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Wednesday, July 25, 2007

In the Turkish Heartland

From Bloomberg:

Erdogan Floods Turkish Heartland With Development Aid

July 19 (Bloomberg) -- In the Turkish town of Afsar, a new pipeline brings water from a nearby mountain. Farmer Suleyman Er says it has transformed his life.

The seven-kilometer (4.3-mile) pipe, finished two months ago, symbolizes the way Prime Minister Recep Tayyip Erdogan is putting development at the center of his strategy to keep power in July 22 elections.

While Erdogan's rivals court secular, more affluent, urban Turks by stressing suspicions about his Islamic background, the prime minister is pinning his hopes on the conservative, religious voters in Turkey's rural areas and shanty towns. Many of these voters say they've never had it so good.

``Water means life, and thanks to the prime minister, ours is getting better,'' Er, 60, said in an interview at a coffee house in Afsar, which nestles on the arid plains of Turkey's Anatolian heartland, 550 kilometers southeast of Istanbul. ``Arguments over Islam and ideology just won't get us anywhere.''

Erdogan's Justice and Development Party, which is rooted in a movement outlawed in 1998 for mixing religion with politics, called early elections after the army, which regards itself as the guardian of the modern, secular Turkish state, objected to his Islamist-leaning candidate for president. Erdogan, 53, says that while Justice is conservative and Muslim, it bases its policies on democracy and economic development rather than ideology.

A Road and a School

Afsar, a town of 5,000 farmers and laborers who typically earn less than half the national yearly average wage of $5,500, has received about 2.7 million liras ($2 million) over the past two years to build the water pipeline, a 20-kilometer road to a nearby highway and the town's first-ever high school.

The aid to Afsar is part of a wider government strategy to modernize the Anatolian heartland, where Erdogan's secular rivals have traditionally held sway. The government has spent $3.5 billion on the program in the past three years.

``Villages are now using washing machines for the very first time because of these projects,'' Nihat Ergun, the deputy chief of Justice responsible for local government, said in a telephone interview. ``We are giving people a better standard of living in places where water systems and roads have never existed.''

Turkey's economy expanded for 21 straight quarters, the longest period of uninterrupted growth in the nation's history, allowing the government to increase spending on such projects. Income per person has more than doubled since Justice took power in November 2002, while unemployment has remained at about 10 percent even as 1 million teenagers have joined the workforce each year.

A Lead in the Polls

A Genar poll carried out July 9-17 gave Justice 40 percent support, more than the 34 percent it won in 2002 and enough to secure between 297 and 310 of the 550 seats in parliament. The Republican People's Party, Justice's nearest rival, had about 21 percent. A Konda poll conducted July 14-15 found 48 percent support for Justice and 19.5 percent for the Republicans.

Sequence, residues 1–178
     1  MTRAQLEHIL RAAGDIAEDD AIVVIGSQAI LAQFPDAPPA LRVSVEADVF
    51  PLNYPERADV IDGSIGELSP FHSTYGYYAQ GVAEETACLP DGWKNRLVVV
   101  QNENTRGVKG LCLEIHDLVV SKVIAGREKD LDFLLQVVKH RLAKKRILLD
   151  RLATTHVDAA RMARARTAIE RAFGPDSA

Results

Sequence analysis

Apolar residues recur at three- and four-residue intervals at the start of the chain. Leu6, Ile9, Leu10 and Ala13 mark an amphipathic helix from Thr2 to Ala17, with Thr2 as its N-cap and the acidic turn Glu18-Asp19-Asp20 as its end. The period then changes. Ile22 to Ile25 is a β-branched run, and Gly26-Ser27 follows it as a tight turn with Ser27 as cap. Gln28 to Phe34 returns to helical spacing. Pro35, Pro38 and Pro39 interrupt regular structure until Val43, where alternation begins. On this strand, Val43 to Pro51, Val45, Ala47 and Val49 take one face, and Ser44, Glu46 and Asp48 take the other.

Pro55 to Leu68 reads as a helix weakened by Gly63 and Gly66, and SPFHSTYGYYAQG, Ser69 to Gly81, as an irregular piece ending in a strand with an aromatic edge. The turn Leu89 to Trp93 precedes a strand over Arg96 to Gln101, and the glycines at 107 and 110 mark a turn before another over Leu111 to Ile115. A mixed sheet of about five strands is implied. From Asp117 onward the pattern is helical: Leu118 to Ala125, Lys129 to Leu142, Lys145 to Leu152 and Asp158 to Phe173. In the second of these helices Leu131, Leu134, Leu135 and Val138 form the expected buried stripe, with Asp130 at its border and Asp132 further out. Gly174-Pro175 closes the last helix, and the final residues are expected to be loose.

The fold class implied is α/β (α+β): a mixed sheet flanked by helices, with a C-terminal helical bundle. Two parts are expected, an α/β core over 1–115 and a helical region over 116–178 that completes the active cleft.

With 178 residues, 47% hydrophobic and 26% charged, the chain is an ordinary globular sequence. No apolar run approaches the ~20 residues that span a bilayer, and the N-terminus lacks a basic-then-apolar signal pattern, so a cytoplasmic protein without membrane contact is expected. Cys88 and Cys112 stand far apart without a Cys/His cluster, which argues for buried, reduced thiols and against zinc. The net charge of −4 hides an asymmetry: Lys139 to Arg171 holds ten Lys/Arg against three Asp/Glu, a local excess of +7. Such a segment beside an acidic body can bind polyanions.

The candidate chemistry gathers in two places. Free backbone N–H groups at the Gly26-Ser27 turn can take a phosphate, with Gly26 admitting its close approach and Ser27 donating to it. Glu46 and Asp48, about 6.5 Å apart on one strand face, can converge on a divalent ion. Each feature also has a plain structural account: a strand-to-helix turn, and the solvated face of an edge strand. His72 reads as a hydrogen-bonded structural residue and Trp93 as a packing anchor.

``Turkish voters seem to think that no other party can deal with issues such as unemployment, agricultural dislocation and inequality between the haves and have-nots,'' Mark Parris, U.S. ambassador to Turkey from 1997 to 2000, said in an interview in Washington.

Erdogan's efforts aren't limited to the countryside: His party is also targeting less affluent city-dwellers. In the capital of Ankara, the Justice-controlled municipality provides more than 500,000 of the city's 4 million inhabitants with 60 kilograms (132 pounds) of food and household supplies each a year at a cost of 200 million liras. Most of the city's budget comes from national-government transfers to local administrations, which more than doubled last year to 6 billion liras.


The Republicans accuse Erdogan of using the free handouts to buy support for an Islamist agenda. Over the past five years, Justice, under pressure from the Republicans and President Ahmet Necdet Sezer, backtracked from plans to outlaw adultery and to move bars from city centers.

``Don't sell your votes for free wheat and rice,'' Republican leader Deniz Baykal told voters at a rally in the southern city of Igdir on July 17. ``Turkey is at an important crossroads.'' Erdogan, a graduate of a school that trains Islamic clergy, pledges allegiance to Turkey's secular principles.

Justice is focusing on Ankara's poorest neighborhood, Mamak, where three-quarters of the 600,000 inhabitants live in illegal squatter settlements. Such dwellings have ballooned in the past two decades as millions of people moved to cities from the countryside to seek better standards of living.

Apartment Blocks

Since Justice came to power, Mamak has been the focus of a 300 million-lira project to tear down the illegal houses and replace them with modern apartment blocks with daycare facilities and children's playgrounds.

``Some people in Ankara are surviving purely because of the aid we provide,'' Avni Kavlak, an aide to Mayor Melih Gokcek, said in a telephone interview. ``Otherwise, there would be a social explosion.''

Selva Gur, 37, wears the Islamic headscarf banned in government buildings, hand-sews cotton and silk garments at home to help put her two children through school. She is one of hundreds of Mamak residents who queue up each morning for free bread delivered by Gokcek's trucks.

``Justice is giving priority to economic development so my family's vote is with them,'' Gur said. ``Living standards are most important, not ideology.''

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